How to embrace resource re-use in design projects
With Australians producing about a tonne of plastic waste every minute, the need to embed a more sustainable mindset in our daily lives is vital. That includes in the classroom.
Anne Giacomantonio from Reverse Garbage Queensland led a popular workshop at the 2019 DATTA Queensland annual conference. The non-profit organisation collects industrial discards from businesses around Brisbane and makes them available to the community at a low cost.
Through her workshop at DATTA Qld’s conference Ms Giacomantonio led attendees through the process of using salvaged materials to design and construct mazes, puzzles and games.
She said that while teachers might think of using recyclable materials as purely a creative activity, exploring ideas about social enterprise and repurposing waste as part of the design process could provide a strong angle for projects.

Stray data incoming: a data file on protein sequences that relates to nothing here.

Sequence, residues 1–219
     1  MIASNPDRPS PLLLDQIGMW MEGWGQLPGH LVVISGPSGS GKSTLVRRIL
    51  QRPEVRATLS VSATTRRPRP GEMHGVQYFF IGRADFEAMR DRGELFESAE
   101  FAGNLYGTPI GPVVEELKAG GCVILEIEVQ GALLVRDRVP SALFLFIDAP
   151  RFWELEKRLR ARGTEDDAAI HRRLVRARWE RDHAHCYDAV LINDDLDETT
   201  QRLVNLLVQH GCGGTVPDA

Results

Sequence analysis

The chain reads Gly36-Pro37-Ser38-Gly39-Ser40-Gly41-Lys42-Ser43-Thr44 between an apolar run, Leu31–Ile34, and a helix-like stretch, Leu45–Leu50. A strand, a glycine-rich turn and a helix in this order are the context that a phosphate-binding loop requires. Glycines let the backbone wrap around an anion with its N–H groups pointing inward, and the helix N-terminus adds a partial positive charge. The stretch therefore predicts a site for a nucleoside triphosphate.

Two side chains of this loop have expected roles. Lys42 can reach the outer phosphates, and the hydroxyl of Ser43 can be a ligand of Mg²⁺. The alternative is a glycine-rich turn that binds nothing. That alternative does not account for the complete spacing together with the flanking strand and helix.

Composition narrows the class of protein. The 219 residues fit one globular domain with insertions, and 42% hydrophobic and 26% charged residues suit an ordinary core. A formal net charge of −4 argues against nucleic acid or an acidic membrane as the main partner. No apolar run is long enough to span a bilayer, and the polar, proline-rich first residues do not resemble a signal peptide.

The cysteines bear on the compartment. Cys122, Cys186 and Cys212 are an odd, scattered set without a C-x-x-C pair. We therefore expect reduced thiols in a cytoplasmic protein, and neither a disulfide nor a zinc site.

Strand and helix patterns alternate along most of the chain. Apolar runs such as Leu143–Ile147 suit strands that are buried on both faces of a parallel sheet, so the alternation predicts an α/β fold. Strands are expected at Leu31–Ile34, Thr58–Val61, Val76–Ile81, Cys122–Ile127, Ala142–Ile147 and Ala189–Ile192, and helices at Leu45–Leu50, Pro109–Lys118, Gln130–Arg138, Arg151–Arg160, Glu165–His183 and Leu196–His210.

“Reducing waste is important but we also need to get more people thinking about re-use part of the solution. It’s good for kids to see the need out there to support their innovation,” Ms Giacomantonio said.
She said Reverse Garbage Queensland diverted a wide range of useful industrial material headed for landfill like textiles, glass, metal, paper, plastic, foam, timber and more, but could also help schools to actively source specific materials.
Reverse Garbage have a warehouse that’s open to the public in Woolloongabba and offer an Australia-wide mail order service. Reverse Garbage also run student workshops and professional development events.
Workshop participant Travis Brooks from Shailer Park State High School in Logan, who made a mini golf course hole, said he was keen to, “…bring the ideas back to my own workshop to alleviate waste.”
John Marano from Sunshine Beach State High School put together a pinball machine using materials provided by Reverse Garbage at the workshop.